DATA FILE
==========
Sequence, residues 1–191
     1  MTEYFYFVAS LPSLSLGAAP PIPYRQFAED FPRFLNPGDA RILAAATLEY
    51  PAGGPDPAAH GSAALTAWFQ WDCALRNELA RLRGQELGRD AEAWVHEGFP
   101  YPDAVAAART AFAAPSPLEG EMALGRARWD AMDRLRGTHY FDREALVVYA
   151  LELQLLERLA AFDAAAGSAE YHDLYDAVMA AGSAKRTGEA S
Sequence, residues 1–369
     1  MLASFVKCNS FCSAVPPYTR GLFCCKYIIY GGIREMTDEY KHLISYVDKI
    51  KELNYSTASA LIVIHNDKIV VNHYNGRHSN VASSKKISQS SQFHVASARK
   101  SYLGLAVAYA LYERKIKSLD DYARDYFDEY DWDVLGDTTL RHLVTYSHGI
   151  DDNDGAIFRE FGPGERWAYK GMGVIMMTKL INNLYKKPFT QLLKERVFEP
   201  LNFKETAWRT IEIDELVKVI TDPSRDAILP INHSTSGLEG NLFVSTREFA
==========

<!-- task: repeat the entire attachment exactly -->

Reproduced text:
Sequence, residues 1–191
     1  MTEYFYFVAS LPSLSLGAAP PIPYRQFAED FPRFLNPGDA RILAAATLEY
    51  PAGGPDPAAH GSAALTAWFQ WDCALRNELA RLRGQELGRD AEAWVHEGFP
   101  YPDAVAAART AFAAPSPLEG EMALGRARWD AMDRLRGTHY FDREALVVYA
   151  LELQLLERLA AFDAAAGSAE YHDLYDAVMA AGSAKRTGEA S
Sequence, residues 1–369
     1  MLASFVKCNS FCSAVPPYTR GLFCCKYIIY GGIREMTDEY KHLISYVDKI
    51  KELNYSTASA LIVIHNDKIV VNHYNGRHSN VASSKKISQS SQFHVASARK
   101  SYLGLAVAYA LYERKIKSLD DYARDYFDEY DWDVLGDTTL RHLVTYSHGI
   151  DDNDGAIFRE FGPGERWAYK GMGVIMMTKL INNLYKKPFT QLLKERVFEP
   201  LNFKETAWRT IEIDELVKVI TDPSRDAILP INHSTSGLEG NLFVSTREFA